Market rules ready for Aramco listing ‘by end of June’

Saudi Aramco’s Khurais oil processing facility, 160 km east of the capital Riyadh. The Kingdom has been overhauling its stock market rules to prepare for the local listing of state-owned Aramco. (AFP)
Updated 30 March 2018

Market rules ready for Aramco listing ‘by end of June’

NEW YORK: Saudi Arabia expects to unveil by the end of June rules to prevent large share price drops in newly-listed companies, the final regulatory step for the listing of oil giant Saudi Aramco, the head of the kingdom’s stock market regulator said.

The mechanism, known as price stabilization, is common on developed markets and allows underwriters of an initial public offering (IPO) to use some of the company’s stock to bolster its price, should it fall in the days after it starts trading, or the volume of shares changing hands is weak.

The Kingdom has been overhauling its stock market rules to prepare for the local listing of state-owned Aramco, which is hoping to raise $100 billion or more through a 5 percent stake sale later this year.

Saudi authorities have also said they want Aramco, whose IPO is billed as the world’s largest, to have an international listing, although no decision has been made on the location. This listing could be delayed until Aramco starts trading on the Tadawul, as the Saudi stock exchange is known.

The Capital Market Authority (CMA) issued updated rules in the last couple of months covering how securities are sold in the kingdom and how the offer price of an IPO is calculated using the bookbuild method, Mohammed El Kuwaiz, chairman of the market regulator, told a media event in New York late Wednesday.

“Once (the price stabilization guideline) is issued, we can then say that the Saudi market will be fully amenable to accommodate an offering of the size of Saudi Aramco, or indeed of any size,” he said.

Speaking to Reuters on the sidelines of the event, El Kuwaiz said drafting of the regulation was at “an advanced stage,” and it will be issued before the end of the first half of the year.

The CMA was also expecting to start work by the end of the year on rules governing dual-listings on the Saudi stock market that would be sent out for market feedback early in 2019, El Kuwaiz said.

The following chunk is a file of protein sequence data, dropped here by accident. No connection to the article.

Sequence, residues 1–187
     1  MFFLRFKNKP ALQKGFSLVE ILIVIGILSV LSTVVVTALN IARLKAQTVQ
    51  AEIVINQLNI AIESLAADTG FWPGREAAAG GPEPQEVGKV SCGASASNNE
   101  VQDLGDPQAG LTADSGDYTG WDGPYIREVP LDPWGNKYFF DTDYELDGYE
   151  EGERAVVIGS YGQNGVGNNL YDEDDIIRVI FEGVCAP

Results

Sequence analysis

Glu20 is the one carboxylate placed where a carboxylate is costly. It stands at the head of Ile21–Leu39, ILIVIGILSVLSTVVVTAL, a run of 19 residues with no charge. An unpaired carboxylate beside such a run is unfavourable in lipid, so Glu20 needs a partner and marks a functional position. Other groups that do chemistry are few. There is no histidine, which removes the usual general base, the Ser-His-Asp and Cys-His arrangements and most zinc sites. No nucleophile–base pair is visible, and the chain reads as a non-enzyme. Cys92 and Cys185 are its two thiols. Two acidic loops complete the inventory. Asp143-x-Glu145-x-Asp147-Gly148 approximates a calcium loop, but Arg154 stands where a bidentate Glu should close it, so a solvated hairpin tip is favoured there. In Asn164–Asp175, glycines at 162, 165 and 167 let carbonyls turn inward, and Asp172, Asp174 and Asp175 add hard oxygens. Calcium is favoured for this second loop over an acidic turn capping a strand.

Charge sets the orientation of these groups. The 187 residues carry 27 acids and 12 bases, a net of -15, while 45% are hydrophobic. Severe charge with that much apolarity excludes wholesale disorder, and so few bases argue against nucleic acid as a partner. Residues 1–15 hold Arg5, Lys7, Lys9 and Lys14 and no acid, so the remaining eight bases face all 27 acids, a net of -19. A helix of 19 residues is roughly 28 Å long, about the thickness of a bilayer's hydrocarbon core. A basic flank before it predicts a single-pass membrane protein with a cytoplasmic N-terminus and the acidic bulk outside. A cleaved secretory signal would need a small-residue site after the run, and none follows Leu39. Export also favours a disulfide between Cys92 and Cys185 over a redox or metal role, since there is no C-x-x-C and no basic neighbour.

The timetable could be brought forward if a company approached it wanting to list on another market, he added.


UK ‘to decide on Huawei 5G next week’

Tensions have been rising between the UK and US over Huawei. (AFP)
Updated 25 January 2020

UK ‘to decide on Huawei 5G next week’

  • Chinese tech giant expected to be permitted to develop country’s 5G network

LONDON: The UK is expected to announce next week whether to allow China’s Huawei to develop its 5G network, an official said on Friday, setting out reasons for agreeing despite opposition from the White House.

The official said the decision had not yet been taken but that it was likely to be next week.
There had been speculation that the UK would allow Huawei into “non-core” elements of the next-generation 5G mobile networks, such as antennae and base stations attached to masts and roofs.
The US has banned Huawei from the rollout of its 5G network because of concerns — strongly denied — that the firm could be under the control of Beijing.
Washington has been lobbying London to do the same, even threatening to limit intelligence sharing between the two allies if Downing Street goes its own way.
The UK Business Secretary Andrea Leadsom said this week that a decision would be made “soon,” adding that many factors were being considered.
These included “the availability of other providers” and “the work that Huawei has already done in the UK,” she said.
The senior official said that London — unlike Washington — had been using Huawei technology across national systems for the past 15 years.
Security agencies believe they have managed the risk so far and will be able to do so with the 5G network, the official said.
Banning Huawei entirely could also cost “billions” of pounds and delay the rollout of 5G and full-fiber broadband, the official said.
There is also a problem in that few other firms have the technology that Huawei does.
The company provides the least expensive and most advanced alternative for super-fast data transfers behind technologies such as self-driving cars and remotely operated factory robots.
“There is a market failure here,” the official said, adding that while this could be addressed in the future, for now “we are where we are.”
The UK’s debate about Huawei has dragged on for more than a year, amid intense political turmoil over its exit from the EU.
Brexit day is now set for Jan. 31.